FURTHERMORE, YOU MAKE THE POINT THAT SINCE YOU NEVER PLAYED WHEN YOU WERE IN ADOLESCENCE YOU WON'T BE PERTURBED BY SUPPOSED BAD HABITS THAT MIGHT HAVE STUCK WITH YOU. IT'S JUST NOT THAT SIMPLE. YOUTH, AS YOU KNOW IS A MUCH GREATER ASSET TO HAVE THAN AGE, PARTICULARLY IN A SPORT AS PHYSICAL AS TENNIS. AT THE 5.0 LEVEL, YOU'LL BE FACING OPPONENTS THAT WERE/ARE MEMBERS OF A UNIVERSITY OR COLLEGE TEAM. MANY TEACHING PROS PLAY AT THE 5.0 LEVEL JUST BECAUSE THE SHEER PHYSICALITY PREVENTS THEM FROM SUCCESFULLY COMPETING AT LEVELS ANY HIGHER (I'M SPEAKING OF THE TEACHING PROS THAT ARE 40 AND OLDER, AND THESE ARE THE GUYS THAT HAVE BEEN PLAYING/TEACHING MOST OF THEIR LIVES!). I'M NOT DOUBTING THAT YOU CAN REACH A 5.0 LEVEL. I AM DOUBTING THAT YOU'D BE VERY SUCCESFUL IF YOU DO REACH IT AND COMPETE AT THAT LEVEL. I AM COMPLETELY SURE THAT YOU WILL NOT REACH IT IN THREE YEARS, UNLESS YOU GIVE UP MOST OF YOUR TIME IN THE DAY TO DEVOTE AND SEVERAL OTHER RESOURCES. EVEN IF YOU DO, YOU'D NEED THE TOP PHYSICAL TRAINING REGIMEN NOT ONLY TO KEEP UP WITH THE SPORT, BUT TO DEVELOP MUSCLES THAT YOUR BODY WOULDN'T OTHERWISE DEVELOP, AND KARATE MUSCLES DON'T COUNT. IF, FOR INSTANCE, YOU DON'T TRAIN AND STRENGTHEN THE RIGHT MUSCLES IN YOUR QUADS AND THIGHS (JUST PLAYING TENNIS SEVERAL TIMES A WEEK WILL DEVELOP THEM, IF ANYTHING IT WILL ONLY CAUSE PROBLEMS, OUTSIDE TRAINING IS MANDITORY), YOU WILL, WITH ABSOLUTE CERTAINTY, DEVELOP CHRONIC KNEE PROBLEMS SUCH AS TENDONITIS OR PFS (PATELLA FEMORAL SYNDROME) THAT ARE NOT UNCOMMON INJURIES WITHIN TENNIS PLAYERS.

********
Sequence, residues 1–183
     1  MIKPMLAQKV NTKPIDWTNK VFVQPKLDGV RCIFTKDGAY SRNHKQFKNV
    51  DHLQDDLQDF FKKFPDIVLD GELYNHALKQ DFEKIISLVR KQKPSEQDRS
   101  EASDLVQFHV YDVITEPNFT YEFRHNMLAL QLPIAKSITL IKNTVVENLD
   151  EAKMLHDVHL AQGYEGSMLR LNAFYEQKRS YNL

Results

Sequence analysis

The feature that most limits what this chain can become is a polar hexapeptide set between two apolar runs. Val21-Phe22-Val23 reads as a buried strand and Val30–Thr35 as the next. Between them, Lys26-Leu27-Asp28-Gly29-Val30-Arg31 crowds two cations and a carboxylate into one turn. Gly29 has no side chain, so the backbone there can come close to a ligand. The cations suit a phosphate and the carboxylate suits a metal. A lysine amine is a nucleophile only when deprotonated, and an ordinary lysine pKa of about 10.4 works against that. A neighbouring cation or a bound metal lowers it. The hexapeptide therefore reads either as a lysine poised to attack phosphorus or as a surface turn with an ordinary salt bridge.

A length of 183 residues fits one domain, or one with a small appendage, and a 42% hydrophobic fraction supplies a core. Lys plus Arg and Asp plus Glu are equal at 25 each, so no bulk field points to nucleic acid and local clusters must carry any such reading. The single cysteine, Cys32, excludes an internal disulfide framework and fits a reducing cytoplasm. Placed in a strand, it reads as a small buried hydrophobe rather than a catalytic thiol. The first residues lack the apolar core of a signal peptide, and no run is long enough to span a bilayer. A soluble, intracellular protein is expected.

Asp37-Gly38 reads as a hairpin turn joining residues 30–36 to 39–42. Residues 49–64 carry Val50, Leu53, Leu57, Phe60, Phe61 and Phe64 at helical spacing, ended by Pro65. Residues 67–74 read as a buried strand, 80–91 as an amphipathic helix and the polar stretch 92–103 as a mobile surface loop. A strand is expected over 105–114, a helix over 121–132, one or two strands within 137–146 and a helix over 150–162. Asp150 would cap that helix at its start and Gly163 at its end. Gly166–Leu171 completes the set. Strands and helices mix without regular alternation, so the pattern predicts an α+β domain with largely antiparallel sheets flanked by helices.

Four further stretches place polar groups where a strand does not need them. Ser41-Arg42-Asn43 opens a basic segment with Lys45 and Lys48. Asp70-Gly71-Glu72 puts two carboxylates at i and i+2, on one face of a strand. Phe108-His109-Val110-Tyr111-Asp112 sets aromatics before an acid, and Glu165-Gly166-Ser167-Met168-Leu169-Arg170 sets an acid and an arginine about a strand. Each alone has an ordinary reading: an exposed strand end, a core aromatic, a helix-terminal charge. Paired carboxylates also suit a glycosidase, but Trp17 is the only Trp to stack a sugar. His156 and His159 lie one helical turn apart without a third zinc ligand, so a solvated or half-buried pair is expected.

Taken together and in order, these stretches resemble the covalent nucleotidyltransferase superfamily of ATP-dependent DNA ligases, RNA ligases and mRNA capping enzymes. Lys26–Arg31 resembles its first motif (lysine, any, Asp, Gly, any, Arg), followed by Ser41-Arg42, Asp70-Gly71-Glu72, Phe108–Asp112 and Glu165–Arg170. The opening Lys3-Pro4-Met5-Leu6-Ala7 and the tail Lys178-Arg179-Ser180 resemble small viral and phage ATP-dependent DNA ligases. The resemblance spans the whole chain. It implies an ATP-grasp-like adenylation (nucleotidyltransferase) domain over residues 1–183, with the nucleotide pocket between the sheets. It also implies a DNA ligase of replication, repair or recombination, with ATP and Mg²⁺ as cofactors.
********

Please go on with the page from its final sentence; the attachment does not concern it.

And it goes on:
PLEASE, DON'T TAKE THIS AS AN INSULT, I'M ONLY POSTING AN OPINION THAT ISN'T TOTALLY UNFOUNDED OR UNEDUCATED. THESE ARE VERY REAL THINGS TO CONSIDER, AND IT'S NOT AS SIMPLE AS SAYING, "THIS IS WHAT I'M WILLING TO DO, CAN I MAKE IT IN THREE YEARS?" REALISTICALLY, IT JUST WON'T HAPPEN. THE LIKELIHOOD THAT SOMEONE THAT IS 25 CAN GO FROM BEGINNER TO 5.0 IN THREE YEARS IS VERY, VERY SLIM. TACK ON 10 YEARS TO THAT AND THE CURVE IS DOWNWARD SLOPING. GOOD LUCK AND KEEP ON HITTIN'!
    P.S. THE DIFFERENCE BETWEEN THE QUALITY OF PLAYERS FROM 4.0 TO 4.5 IS TREMENDOUS!!! THAT GAP IS A LOT, LOT BIGGER BETWEEN THE 4.5 AND 5.0 LEVELS.
     
    Last edited: Sep 17, 2008
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  6. TTAce

    TTAce Rookie

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    One thing you miss: $$$$$.
    You need a 'real' coach who coach pros, not a coach for rec players, that cost more (2x or 3x) $$$$$.
    And, you need hitting partner too, that cost $$$$$ too.

    Mho, without these two persons, you will never reach 5.0. Luckily 4.0.
     
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  7. pr0n8r

    pr0n8r Rookie

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    I would be proud of you if you were a solid 4.0 by the time you are 40 (seriously). I'm in my mid 30's too, and tennis gets more and more brutal on your body as you move up in skill, and play matches. Sometimes it feels as if every time I start to get a little better, some annoying injury gets in the way. I look fit. I run too. Tennis can be brutal. It's really challenging to avoid overuse injuries. If you're playing USTA, 4.5 will feature some ex-college players, to put it into perspective. Don't get too caught up with the USTA descriptions... they don't matter. It only matters what level you can win at.